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Tribal culture tourism a growing market, but abroad

By Sneha Kupekar
August 23, 2010 12:18 IST
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TribalsThe Sentinelese tribe in the Andamans is known for its fierce attempts to avoid contact with the outside world, while the Amazon rainforest still has 44 isolated tribes. But not all tribes are inhospitable.

Tour operators are recognising the enhanced tourist interest in this segment and offering tour packages -- to Malaysia and Kenya, for instance -- that give a chance to interact with the tribes.

Though the tribes have long given up their hunter-gatherer lives, they still celebrate their culture with pride. is now offering tourists an opportunity to interact with them.

Neelu Singh, COO,, said: "The Malaysian package was introduced recently after seeing the rising interest of people for such tours.

"The rainforests, villages, etc, in Malaysia are quite unique and unexplored, while in Kenya, the Masai tribes are renowned for their distinctive culture, traditions and dressing."'s tour to Kenya offers a trip through the village of the Masai tribe. In Malaysia, tourists can visit villages of the Orang Asli and Iban people, while savouring their unique delicacies.

The Malaysian package currently isn't available in India, while the Kenyan package can be booked.

"The aboriginal tour includes a boat ride from the Banding island on the Temenggor Lake to villages where one can mix with the Orang Asli people.

The Orang Asli are the Jahai and Temiar people of the aboriginal ethnic tribes of peninsular Malaysia. One can interact and see the life of the tribals. In Kenya, one can interact with the Masai tribes, and even dance and sing with them. They are very friendly," said Singh.

The Kenyan package costs Rs 1,10,792 per person on a twin-sharing basis, while the Malaysian package costs Rs 62,934 per person on a twin-sharing basis (without air fare).

The cost of return air fare from Mumbai to Kuala Lumpur is Rs 17,993.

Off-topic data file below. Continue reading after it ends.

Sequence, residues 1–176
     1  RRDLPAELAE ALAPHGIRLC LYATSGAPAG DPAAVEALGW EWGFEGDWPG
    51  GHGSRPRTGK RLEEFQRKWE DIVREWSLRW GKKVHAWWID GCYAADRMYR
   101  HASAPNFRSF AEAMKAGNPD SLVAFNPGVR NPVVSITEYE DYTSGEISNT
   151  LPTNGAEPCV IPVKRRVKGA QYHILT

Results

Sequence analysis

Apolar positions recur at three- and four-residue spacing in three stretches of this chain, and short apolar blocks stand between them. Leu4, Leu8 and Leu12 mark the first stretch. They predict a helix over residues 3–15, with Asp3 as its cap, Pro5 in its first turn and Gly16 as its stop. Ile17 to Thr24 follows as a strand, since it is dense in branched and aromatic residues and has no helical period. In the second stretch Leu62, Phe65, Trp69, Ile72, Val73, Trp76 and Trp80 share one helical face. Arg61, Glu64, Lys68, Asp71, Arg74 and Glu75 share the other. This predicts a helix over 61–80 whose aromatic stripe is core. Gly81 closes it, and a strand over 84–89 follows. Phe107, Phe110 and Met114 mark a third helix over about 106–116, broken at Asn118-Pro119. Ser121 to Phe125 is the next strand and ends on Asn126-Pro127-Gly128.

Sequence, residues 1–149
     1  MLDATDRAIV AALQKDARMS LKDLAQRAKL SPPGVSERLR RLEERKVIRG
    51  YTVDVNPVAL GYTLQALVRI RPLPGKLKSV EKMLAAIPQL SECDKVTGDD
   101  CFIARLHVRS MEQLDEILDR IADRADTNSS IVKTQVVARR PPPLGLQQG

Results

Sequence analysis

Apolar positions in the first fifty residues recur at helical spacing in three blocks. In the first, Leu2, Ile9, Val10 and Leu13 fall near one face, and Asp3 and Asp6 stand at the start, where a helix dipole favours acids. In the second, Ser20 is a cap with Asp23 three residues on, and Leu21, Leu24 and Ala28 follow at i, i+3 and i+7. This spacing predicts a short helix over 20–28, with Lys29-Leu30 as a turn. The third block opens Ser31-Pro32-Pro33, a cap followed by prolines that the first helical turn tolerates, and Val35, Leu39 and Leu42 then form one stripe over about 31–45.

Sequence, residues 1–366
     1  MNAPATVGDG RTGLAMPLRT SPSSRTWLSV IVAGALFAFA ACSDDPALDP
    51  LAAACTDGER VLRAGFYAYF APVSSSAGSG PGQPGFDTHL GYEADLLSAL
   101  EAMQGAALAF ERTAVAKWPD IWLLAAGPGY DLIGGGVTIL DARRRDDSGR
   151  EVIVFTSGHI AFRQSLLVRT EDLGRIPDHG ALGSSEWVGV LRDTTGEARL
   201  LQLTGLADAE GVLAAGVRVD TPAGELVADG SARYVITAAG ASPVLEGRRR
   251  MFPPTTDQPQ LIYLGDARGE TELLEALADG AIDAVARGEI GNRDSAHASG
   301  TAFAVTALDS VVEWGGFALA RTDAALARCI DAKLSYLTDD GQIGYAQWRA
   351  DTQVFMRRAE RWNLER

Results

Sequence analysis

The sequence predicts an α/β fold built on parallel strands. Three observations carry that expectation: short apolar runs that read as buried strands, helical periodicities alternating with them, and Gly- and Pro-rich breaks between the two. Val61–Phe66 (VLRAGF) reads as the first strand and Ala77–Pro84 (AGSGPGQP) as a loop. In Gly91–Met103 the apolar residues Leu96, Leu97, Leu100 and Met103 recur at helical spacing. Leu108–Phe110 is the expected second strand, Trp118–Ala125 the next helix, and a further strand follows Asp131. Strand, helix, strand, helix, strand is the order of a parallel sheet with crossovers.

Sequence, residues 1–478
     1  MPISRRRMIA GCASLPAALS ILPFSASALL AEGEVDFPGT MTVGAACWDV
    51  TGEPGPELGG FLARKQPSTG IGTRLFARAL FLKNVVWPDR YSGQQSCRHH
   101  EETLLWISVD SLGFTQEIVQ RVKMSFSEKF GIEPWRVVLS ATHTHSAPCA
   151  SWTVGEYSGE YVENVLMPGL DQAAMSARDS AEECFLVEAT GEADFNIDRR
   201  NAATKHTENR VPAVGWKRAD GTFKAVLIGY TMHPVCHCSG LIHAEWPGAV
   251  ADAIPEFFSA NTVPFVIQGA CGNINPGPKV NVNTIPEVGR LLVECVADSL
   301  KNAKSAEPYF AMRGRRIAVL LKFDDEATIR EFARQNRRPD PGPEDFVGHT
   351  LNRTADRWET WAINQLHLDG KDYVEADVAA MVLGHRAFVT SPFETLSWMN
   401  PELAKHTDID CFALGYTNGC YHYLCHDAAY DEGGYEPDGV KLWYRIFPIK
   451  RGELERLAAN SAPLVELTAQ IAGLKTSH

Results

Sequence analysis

A visit to the Iban village includes staying in a loghouse in the village, where travelers have the opportunity of joining the natives in their daily chores, learning their traditional dance form, Ngajat, a graceful warrior's dance, and purchasing their handicrafts directly.

A locally prepared meal can also be savoured and the Iban dinner menu includes bamboo shoots, jungle ferns, cucumber leaves and so on, with rice. says it has tried to ensure the interactions benefit the tribes and the aboriginal people. "The tourists, while visiting the villages, buy local handicrafts, which helps the economy of the tribals and enhances their purchasing power.

The Masai also sell locally produced items like sisal baskets, elephant hair bracelets (not the real elephant hair), Masai bead jewellery, tribal masks, Masai figurines, etc, which helps them in their livelihood," said Singh.

The experience is mutually enhancing.

"The response from tourists as well as the tribes has been good so far. Tourists love to interact and experience the lifestyle of the natives, while the tribes have been very supportive about the visits, the local family lunch, etc," said Singh.

However, the experience remains popular only with a niche segment. "There are quite a few people who like adventure and opt for these packages. Masai tribes are famous across the world and they alone attract a lot of tourists to Kenya each year. Usually, couples opt for such tours,"said Singh.

Though the market is niche, it has been growing at 10 per cent year on year, partly thanks to the marketing efforts of

"We have a database of past customers who always call us for unique experiences and we share our products with them. We also send e-mailers to the targeted group," said Singh.

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Sneha Kupekar in Mumbai
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